All three turn out wonderful stocks. For vegetables I always use lots of carrots and celery cut up into large chunks, making sure to use a lot of celery leaves. I use 3 or 4 onions cut in half (keep the skin on!), a couple of tomatoes in large chunks, a handful of peppercorns, a few cloves, flat leaf parsley, 5 or 6 cloves of garlic smashed (leave the skin on as well) and, occasionally, a lemon. I've come to love the vegetable stock this mix makes so much that veggie stock tends to be the stock I make the most often. Wow, is it good. I've thrown in a little fennel and/or some greens (chard/kale) if I have them in the fridge at the time.

                                    If making meat stock, I put in the meat bones in with the vegetables if I am short on time. If you have time, you can bring the meat bones to a boil first, then drain, which gets rid of a lot of detritus you end up skimming off the top. I make stock so often I have a pot I use mostly for stock. It is a tall pot, with a pasta drain insert, which makes it very easy. You will the pot with water, all the bones and vegetables go into the insert and when the stock is done, I just pull the insert out and let sit over the pot at an angle to drain. Below is a link to a pot similar to the one I use:


                                    1. lulou23, that's exactly how I make my stock for chicken, i.e., roasting the whole chicken, then continuing with the soup.

                                      For chicken stock with other usage, I get a few lbs. of chicken backs and necks, and roast them with mirepoux before adding them to the pot with salt, black peppercorns and herbs. I strain it a couple of times through cheese cloth, and de-fat it a bit.

                                      1. Without changing anyone's ingredients (raw/cooked bones, cracked bones, browned bones, meat, veg, liquids, etc.) from any of the posts, another technique to acheive the same or even enhanced flavor in a shorter amount of time rather than a 4 hour process is to use a pressure cooker.

                                        1) Place the bones and/or meat along with the liquids in a pressure cooker and cook at 15 psi for one hour.

                                        2) Use the quick release method to remove the lid. Put into the pot the vegs and replace the lid.

                                        3) Cook at 15 psi for 20 minutes and use the natural release method. Use immediately or let it sit overnight,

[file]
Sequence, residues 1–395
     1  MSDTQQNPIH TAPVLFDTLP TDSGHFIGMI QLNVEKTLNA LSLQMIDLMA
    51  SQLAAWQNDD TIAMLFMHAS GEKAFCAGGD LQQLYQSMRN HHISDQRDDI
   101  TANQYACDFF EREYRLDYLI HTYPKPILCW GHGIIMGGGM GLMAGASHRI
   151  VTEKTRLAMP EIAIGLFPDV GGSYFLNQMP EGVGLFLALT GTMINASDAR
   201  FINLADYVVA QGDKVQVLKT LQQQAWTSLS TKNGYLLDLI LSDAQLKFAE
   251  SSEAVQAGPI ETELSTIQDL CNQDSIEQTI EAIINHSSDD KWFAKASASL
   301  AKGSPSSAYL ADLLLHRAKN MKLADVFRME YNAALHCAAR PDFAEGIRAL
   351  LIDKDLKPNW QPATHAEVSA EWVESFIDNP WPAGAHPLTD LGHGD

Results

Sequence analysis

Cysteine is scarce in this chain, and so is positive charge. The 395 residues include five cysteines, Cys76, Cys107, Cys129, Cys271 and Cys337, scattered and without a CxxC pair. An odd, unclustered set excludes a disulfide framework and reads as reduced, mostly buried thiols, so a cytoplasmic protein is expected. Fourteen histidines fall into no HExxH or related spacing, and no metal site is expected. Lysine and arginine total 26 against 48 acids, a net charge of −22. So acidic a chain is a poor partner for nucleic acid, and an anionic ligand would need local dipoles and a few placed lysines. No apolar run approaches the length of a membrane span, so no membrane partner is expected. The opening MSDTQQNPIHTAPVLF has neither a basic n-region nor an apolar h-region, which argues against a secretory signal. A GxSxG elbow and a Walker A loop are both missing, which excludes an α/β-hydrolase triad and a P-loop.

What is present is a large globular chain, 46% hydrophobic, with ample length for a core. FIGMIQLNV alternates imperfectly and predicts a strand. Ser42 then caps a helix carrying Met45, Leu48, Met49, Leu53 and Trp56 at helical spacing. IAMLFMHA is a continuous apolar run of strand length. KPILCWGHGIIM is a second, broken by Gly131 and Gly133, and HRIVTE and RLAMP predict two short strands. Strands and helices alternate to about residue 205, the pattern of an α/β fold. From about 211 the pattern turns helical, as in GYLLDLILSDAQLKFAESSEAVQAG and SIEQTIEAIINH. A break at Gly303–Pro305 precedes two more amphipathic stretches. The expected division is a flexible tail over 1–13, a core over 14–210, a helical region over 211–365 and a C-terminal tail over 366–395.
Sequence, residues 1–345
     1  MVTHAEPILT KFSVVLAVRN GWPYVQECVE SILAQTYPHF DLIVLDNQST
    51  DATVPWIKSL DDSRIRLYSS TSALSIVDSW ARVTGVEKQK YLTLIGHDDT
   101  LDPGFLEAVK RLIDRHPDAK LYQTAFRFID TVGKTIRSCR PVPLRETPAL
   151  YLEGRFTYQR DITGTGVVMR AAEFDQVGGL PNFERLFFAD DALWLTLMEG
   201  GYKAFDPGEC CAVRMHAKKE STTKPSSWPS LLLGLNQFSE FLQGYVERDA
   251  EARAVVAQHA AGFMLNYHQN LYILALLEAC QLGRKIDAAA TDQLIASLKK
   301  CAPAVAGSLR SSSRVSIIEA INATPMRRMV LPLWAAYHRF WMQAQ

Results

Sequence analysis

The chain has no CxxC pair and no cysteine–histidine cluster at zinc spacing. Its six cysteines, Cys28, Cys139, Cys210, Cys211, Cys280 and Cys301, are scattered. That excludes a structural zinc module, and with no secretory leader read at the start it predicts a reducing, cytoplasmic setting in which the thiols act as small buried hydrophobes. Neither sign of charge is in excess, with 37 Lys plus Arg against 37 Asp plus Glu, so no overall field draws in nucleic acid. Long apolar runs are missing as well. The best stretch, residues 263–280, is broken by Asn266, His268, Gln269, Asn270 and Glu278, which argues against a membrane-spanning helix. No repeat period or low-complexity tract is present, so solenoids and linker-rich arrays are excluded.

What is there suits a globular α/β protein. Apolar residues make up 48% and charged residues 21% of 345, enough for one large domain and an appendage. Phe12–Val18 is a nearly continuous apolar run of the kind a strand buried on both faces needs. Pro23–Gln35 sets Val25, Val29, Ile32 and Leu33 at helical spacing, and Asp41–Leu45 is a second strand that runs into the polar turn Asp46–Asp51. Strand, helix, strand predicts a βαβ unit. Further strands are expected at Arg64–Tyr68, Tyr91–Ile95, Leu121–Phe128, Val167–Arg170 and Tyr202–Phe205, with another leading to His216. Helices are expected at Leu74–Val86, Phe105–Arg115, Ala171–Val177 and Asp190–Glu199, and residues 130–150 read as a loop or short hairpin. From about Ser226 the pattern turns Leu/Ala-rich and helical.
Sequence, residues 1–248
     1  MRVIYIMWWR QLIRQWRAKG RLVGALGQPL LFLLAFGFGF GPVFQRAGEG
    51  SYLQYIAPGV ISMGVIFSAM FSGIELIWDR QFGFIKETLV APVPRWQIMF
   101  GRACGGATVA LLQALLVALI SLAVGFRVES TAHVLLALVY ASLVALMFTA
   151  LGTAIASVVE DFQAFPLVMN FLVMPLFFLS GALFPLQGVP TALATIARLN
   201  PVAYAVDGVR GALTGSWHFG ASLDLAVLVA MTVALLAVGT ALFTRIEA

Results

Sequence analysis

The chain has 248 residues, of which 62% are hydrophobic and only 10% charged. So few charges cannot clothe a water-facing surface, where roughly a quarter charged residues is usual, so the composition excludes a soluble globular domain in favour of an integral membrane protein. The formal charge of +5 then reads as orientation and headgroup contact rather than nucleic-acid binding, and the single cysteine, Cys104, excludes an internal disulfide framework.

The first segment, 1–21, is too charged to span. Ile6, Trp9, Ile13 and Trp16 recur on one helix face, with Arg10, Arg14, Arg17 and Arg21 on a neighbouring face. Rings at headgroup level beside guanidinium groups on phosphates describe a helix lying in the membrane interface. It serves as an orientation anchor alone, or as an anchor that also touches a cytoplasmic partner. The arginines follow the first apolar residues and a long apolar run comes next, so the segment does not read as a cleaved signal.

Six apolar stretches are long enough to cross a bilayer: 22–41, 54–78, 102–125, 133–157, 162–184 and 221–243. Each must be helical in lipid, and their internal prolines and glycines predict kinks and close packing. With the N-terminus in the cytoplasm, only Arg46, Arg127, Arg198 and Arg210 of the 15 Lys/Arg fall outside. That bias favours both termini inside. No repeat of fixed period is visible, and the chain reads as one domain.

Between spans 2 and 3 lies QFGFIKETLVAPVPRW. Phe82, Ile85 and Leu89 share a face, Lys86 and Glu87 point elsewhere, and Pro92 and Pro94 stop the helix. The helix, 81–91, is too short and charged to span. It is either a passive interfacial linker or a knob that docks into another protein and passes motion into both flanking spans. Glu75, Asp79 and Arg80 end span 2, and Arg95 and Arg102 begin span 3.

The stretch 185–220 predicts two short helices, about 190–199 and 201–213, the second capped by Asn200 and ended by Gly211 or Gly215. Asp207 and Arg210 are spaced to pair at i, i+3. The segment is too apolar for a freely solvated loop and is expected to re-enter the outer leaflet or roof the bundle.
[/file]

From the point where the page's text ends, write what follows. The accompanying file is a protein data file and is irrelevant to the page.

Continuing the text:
To enhance the flavor even more or just to make a stock if you have no leftover chicken, brown some ground chicken and use in step 1.

                                        1. Forgot to mention (hope I'm not repeating what anyone else has said) that you shouldn't boil it hard - keep it to a gentle simmer.

                                          1. I used to make my stock on the stove and it was ok, never anything to brag about. After reading Michael Ruhlman's Twenty, I made a batch in the oven. Now, I will never make it any other way.

                                            What I did is put all the leftover chicken carcass (from a roasted chicken) including the neck & skin in a large stock pot. Then I covered it with water, about 2 or 3 inches over the chicken. I popped it in a 225 degree oven for about 8 hours. I didn't add any onion or carrot until about 6 hours in. I let it cool & strained it & let me tell you it was the best stock I've ever made. It never came to a boil so it didn't get cloudy, it gelled up beautifully in the fridge and the taste was pure gold.

                                            Seriously, give it a try and see what you think. Ruhlman has never steered me wrong and if you get the chance, buy Ration & Twenty, they are 2 essential cookbooks every cook should own.

                                            1. I usually use whatever vegetables are rolling around in the crisper and whatever I have saved up in the freezer.

                                              My "musts":
                                              - roasted chicken carcass
                                              - at least 2 bulbs of garlic
                                              - onions
                                              - bunch of parsley and thyme
                                              - peppercorns

                                              Other than that, I don't think there is a real "recipe" for chicken stock. I usually make a batch when I have a bunch of stuff left over.